And, of course, talking about performance, it's very impressive last year that the team really ramping up rapidly, very impressive with all the various, putting the things like leading a team to put everybody in the right place, right time. You know, it's just managing a team really well. So that's starting to show the performance.
When I jump into the car, I remember very clearly that first time at Sebring this winter test, the car was a bit different from what I was used to from last year but it was very, very consistent. I thought, 'Hmm, this consistency, if you can maintain it, just sharpen up the speed, we could have been really, really strong.' And that's what we did.
And on Don Halliday, in my racing tenure, I know him long time. Obviously, in this series, he did a really great job. And it was just an immediate bond between me and him. And all the whole entire team really worked well, and everybody see at Long Beach it was the perfect race. No one made a mistake. Nothing, you know, nothing wrong. And no bad luck at all. So there was a beautiful day.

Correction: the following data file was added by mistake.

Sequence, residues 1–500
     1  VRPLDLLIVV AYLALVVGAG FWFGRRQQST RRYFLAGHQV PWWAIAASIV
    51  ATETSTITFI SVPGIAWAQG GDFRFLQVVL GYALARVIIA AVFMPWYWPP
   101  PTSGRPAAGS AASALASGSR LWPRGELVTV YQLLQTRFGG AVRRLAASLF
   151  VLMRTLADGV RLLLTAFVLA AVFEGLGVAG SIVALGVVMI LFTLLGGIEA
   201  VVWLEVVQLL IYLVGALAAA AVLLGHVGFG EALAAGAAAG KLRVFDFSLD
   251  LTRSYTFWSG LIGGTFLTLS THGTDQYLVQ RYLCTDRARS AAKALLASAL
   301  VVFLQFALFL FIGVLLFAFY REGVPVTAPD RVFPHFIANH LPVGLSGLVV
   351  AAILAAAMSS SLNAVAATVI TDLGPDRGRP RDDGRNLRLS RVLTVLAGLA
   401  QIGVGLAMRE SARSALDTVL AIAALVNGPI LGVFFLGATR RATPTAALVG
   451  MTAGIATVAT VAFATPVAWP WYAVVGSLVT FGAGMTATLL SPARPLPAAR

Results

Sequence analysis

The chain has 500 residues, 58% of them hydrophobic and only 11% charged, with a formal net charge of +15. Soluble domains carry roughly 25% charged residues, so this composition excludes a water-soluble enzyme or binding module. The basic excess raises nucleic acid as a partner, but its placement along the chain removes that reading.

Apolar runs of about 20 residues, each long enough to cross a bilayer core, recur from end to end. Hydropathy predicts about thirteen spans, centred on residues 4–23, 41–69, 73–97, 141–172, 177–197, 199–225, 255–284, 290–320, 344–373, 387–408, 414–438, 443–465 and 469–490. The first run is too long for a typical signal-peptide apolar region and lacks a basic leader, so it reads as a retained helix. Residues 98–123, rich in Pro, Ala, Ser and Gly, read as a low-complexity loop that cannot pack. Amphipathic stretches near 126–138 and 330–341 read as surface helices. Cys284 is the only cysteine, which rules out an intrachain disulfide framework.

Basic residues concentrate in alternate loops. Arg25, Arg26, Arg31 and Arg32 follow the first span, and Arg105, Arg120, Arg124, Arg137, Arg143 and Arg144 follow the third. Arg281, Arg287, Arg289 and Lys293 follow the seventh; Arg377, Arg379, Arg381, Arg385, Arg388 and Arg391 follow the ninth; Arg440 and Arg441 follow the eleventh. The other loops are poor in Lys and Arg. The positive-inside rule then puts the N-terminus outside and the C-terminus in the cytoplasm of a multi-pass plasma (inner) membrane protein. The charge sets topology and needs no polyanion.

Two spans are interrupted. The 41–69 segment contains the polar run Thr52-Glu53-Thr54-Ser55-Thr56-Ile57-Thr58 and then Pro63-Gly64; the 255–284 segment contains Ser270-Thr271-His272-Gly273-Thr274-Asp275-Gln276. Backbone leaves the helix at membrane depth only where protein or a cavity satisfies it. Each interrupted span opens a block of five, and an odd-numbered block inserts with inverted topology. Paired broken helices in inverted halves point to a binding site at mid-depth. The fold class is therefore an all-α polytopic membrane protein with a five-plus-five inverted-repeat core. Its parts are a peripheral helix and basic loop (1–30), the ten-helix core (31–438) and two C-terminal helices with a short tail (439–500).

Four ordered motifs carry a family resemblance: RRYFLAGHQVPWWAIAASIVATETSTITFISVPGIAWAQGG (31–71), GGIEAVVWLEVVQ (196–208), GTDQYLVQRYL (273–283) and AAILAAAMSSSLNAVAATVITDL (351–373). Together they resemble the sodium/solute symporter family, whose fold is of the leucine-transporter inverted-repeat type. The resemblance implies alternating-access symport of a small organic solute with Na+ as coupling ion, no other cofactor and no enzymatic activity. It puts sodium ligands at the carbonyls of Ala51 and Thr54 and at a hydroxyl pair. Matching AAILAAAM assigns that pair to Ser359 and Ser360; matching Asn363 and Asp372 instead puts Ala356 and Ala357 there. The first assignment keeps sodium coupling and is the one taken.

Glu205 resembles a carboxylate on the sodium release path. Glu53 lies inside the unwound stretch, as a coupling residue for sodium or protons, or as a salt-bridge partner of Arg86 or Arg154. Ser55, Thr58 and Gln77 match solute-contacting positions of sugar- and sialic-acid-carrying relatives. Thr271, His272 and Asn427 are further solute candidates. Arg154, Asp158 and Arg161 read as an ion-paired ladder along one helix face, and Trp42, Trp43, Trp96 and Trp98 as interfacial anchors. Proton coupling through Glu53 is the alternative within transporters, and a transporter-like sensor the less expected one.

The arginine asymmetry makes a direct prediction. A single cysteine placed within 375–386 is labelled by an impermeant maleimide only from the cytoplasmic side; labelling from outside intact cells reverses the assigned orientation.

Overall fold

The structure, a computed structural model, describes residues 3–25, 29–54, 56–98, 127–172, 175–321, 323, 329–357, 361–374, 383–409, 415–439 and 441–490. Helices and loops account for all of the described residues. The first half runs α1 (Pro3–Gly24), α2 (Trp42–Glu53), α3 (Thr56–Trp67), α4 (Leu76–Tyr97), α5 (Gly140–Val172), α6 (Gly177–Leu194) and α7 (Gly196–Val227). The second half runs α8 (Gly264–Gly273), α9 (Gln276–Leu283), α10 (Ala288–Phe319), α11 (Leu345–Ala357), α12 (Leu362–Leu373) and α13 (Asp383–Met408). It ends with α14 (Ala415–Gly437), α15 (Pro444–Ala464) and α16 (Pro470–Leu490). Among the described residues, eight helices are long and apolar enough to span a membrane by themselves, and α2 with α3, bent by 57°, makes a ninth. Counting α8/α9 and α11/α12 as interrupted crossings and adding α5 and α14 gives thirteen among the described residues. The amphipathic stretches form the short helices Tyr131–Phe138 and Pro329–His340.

And, of course, Brazil was one of the most exciting races we ever had. In the end, obviously, I was obviously disappointed being second, but still I think it's a great satisfaction for the series doing a fantastic job, and to be able to be leading a championship after Brazil is an extra bonus for me.
MODERATOR: Very good. Questions for Takuma.
Q: Takuma, you have for this race a teammate, Conor Daly, and he was busy last weekend racing GP3 in Barcelona, flew over here. Are you also involved in helping the setting up his car and guide him through all the procedures?
SATO: Sure. Obviously, he had had really difficult -- not difficult, a busy time over the course of the last weekend and doing the racing in Europe and come here and jump straight into Indy car doing 219, 220 miles per hour, it is a very different world. But I think he did it very well and was really impressed that his speed is coming so quickly, which is very important for me that he's up to the speed. Today, actually, we can split the proper program for the test program between two cars to evaluate so many great things. So Sunday our team has got a doubled-up data.